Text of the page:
Core concepts in foley and sound design
Understanding core concepts and techniques, and reflecting on how they can benefit my work.
Foley is the process of recreating real-world sounds to be added to screen and is named after Jack Foley, the radio SFX artist who first developed the technique in the 1920’s. In the context of radio, where there is no visual aspect, foley sounds were added to help bring to life the action being described, such as footsteps and horse hooves. Today, in media with a visual aspect like TV and film, foley sound is still used to enhance the action, but it is also used to correct scenes where sounds from outside of the story interfere with the authenticity of it. Imagine filming a long scene in a period drama, where everything is perfect, until a plane flies overhead. Obviously this modern day sound can’t remain in the final scene, so the sound for the whole scene (wind, rain, people in the distance etc) is recreated in post production. Roughly eighty percent of all of the sounds we hear on screen today are added after filming. (Newstalk, 2013).
Foley sounds are created in very imaginative ways, they do not need to come from the true sound source. To identify a sound that would be a convincing proxy for an object, sound artists use reduced listening, a term coined by the French composer Pierre Schaeffer. It means to listen to a sound devoid of any meaning or attachment, mentally freeing it from the source that created it, so that it can be applied to something else.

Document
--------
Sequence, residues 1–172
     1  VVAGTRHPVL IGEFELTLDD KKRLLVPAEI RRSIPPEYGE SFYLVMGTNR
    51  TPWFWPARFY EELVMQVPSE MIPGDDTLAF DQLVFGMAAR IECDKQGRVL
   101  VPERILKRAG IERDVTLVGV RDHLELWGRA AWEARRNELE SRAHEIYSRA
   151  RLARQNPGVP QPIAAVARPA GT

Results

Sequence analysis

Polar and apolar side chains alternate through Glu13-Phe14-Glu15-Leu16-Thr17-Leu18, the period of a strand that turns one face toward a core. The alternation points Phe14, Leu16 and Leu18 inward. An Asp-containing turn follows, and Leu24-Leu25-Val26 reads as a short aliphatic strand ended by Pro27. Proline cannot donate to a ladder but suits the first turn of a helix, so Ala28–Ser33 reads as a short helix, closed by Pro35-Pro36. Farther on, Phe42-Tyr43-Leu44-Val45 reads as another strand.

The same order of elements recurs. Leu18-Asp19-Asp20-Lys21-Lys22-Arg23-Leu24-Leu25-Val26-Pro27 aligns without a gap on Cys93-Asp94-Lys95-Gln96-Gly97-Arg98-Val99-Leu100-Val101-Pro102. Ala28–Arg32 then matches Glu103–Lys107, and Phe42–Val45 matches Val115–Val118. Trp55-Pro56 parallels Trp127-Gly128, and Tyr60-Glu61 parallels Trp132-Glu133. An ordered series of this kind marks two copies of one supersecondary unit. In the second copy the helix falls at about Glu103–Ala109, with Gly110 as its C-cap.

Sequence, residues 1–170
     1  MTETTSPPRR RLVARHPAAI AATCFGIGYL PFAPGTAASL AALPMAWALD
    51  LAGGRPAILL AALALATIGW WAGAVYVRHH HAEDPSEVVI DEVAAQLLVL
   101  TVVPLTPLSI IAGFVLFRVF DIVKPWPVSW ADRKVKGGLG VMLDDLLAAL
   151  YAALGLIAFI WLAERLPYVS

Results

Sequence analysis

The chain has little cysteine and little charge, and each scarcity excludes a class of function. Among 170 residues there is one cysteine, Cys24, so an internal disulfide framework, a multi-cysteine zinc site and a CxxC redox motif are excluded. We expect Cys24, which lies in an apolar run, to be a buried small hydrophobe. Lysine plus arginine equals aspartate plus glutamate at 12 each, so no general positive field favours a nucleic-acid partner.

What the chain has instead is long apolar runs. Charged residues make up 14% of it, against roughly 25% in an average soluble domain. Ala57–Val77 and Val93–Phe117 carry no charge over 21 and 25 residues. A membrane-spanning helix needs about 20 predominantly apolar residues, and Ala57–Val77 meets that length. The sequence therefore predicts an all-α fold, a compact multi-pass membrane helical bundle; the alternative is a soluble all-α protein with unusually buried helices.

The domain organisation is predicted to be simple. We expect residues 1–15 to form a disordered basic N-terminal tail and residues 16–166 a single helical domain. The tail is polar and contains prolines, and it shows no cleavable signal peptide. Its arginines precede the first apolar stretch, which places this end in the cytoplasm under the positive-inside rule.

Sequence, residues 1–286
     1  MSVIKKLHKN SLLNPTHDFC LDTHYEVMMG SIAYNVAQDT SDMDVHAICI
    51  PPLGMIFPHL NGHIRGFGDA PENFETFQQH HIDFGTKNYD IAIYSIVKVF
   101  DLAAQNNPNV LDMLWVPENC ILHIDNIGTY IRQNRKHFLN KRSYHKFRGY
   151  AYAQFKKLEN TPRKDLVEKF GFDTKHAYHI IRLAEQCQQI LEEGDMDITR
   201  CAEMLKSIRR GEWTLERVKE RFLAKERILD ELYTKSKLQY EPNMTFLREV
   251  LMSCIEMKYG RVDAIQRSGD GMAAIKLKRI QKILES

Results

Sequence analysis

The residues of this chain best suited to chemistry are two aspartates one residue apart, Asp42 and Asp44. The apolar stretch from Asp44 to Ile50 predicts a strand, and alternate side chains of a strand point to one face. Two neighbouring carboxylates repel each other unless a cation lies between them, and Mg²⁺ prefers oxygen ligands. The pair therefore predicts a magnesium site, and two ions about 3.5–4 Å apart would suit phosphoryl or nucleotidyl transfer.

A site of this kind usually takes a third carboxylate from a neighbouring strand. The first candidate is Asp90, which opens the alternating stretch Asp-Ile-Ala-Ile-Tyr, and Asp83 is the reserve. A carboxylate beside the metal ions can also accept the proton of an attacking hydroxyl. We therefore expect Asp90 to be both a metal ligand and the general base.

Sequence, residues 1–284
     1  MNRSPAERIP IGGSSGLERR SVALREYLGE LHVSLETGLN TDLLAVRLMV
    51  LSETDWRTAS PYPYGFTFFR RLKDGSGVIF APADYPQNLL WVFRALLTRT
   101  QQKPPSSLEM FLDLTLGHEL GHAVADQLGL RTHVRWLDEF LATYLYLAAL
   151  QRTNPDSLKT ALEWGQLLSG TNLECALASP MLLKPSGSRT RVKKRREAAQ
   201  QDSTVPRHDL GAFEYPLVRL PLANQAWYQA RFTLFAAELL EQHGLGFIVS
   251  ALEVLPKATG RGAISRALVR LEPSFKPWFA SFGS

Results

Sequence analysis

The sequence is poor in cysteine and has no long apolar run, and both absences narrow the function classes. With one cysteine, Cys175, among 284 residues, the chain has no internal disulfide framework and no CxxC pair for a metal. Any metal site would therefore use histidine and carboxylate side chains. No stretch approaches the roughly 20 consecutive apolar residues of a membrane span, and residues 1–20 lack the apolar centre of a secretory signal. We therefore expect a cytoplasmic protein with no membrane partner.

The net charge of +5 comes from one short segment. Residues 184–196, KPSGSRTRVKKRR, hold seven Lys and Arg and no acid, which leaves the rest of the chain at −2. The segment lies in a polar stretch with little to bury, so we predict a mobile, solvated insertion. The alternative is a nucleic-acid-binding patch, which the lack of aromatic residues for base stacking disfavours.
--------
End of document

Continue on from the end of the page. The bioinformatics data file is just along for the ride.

Did you know that rustling of cellophane is used to create the sound of fire? If you use reduced listening as you play this clip you can easily imagine that this cellophane is a crackling fire.
Other examples of foley sounds identified through reduced listening are: the screeching of tyres, created by rubbing a hot water bottle filled with air across the top of table; and footsteps in the snow, made by stepping on cornstarch. Being able to use different sounds to emulate on screen action is incredibly useful to sound artists when they are not able to record real sounds, as well as when capturing real sounds is too dangerous, like lions in the wild! Reduced listening is the key to finding great foley sounds.
To be good at reduced listening you must analyze the sound in as many ways as possible. What is the quality of that sound source? Is it high or low in pitch? Does it stutter, or is it consistent? It helps to use descriptive terms to understand the sound source. Is it a spiky sound? A soft sound? One way to question the quality of the sound is by thinking in terms of attack, decay, sustain and release (ADSR). Attack means how quickly the sound peaks to its loudest point. Decay is how quickly the initial sound reaches a consistent level. Sustain means how long this consistent level remains, and release means how quickly it drops from this level to zero sound.